Also read: Men In Feminism: A Positive Vision For Feminist Politics
To correctly navigate identity politics, one must keep an important concept in mind—social capital. The mass appeal idpol has found in bourgeoisie circles is often rooted in the social capital that comes with identifying oneself as historically Othered. There is absolutely no debate that this social capital is very rightfully owed to the oppressed classes, but it has led to the rise of a unique phenomenon, especially in the hyper-online or Americanised left- invention of the Other. Another closely linked consequence is a bourgeoisie or an oppressor who feels left out of the social capital is then compelled to abandon all his privileges and focus only on the part of his identity that provides him with the said social capital. For example, Kamala Harris is a controversial figure in progressive circles but her identity as a woman of colour precedes her capacity to be an oppressor.
This is also why identity politics has given rise to a diverse set of oppressors but has failed to emancipate the oppressed. In addition to this, when exhibition of virtues done via language sets you apart from the guilty majority, you create an individual brand for yourself based in righteousness. Positive social capital that comes with being a part of this brand attracts more people towards it and eventually leads to its corporate marketability. Corporate brands globally realise that the consumer closely defines his sense of self with these causes, and try to act as an extension for the consumer to exhibit this to the world. The rapid rise of incidents such as ‘queer baiting’ in India, esepcially by one popular demin brand, in the last 5 years should prove to be an example of the same.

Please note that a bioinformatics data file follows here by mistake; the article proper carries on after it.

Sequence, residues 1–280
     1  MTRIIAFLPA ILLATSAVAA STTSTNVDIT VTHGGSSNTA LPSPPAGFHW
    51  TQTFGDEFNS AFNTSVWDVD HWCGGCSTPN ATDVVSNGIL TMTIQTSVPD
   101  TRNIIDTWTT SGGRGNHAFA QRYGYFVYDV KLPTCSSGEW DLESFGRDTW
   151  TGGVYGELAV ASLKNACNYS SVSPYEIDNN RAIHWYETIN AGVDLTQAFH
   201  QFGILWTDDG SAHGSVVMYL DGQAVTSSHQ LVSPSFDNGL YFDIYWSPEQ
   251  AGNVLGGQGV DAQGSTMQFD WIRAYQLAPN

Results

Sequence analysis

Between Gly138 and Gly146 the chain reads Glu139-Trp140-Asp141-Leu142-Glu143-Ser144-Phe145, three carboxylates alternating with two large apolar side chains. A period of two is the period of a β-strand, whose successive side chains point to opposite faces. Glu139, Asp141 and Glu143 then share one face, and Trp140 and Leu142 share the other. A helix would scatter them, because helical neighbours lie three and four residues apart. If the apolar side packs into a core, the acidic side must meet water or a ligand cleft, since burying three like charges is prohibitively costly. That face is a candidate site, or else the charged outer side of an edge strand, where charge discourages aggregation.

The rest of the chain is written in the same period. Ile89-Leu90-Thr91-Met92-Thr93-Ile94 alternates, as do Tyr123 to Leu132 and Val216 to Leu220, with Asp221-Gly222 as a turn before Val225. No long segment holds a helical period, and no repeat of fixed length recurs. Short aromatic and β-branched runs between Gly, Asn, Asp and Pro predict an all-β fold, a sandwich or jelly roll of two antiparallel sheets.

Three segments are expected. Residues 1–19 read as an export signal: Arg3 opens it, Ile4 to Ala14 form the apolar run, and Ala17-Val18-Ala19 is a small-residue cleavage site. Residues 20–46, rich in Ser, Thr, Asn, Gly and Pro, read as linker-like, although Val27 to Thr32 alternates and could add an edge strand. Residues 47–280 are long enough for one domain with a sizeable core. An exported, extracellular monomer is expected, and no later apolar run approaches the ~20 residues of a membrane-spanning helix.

Even when Idpol is focused on acknowledgement of privilege, it essentially does nothing if one is not adamant on dismantling it. Hence, it is important to critically navigate identity politics, and at the same time avoiding an alliance with class reductionism.
Also read: In Defense Of Identity Politics: The Need For Bahujan Representation
The goal of any revolutionary movement should not be moral showcasing in the guise of inclusivity, but a total and radical abolishment of systems that render one as oppressed.
Featured Image Source: Feminism In India
I think Buddhist philosophy can play a big role in our political movements, in the light of all the issues brought out here. Primarily because it has the ability to tackle both structural intersectional oppression and questions of individual morality by allowing self introspection. To my limited knowledge, I don’t think it has received much attention in the political discourse, but Ambedkar himself was pivotal in bringing Buddhist philosphy to mainstream political ideas (He has a marvelous essay called Buddha or Karl Marx), and it remains under-explored.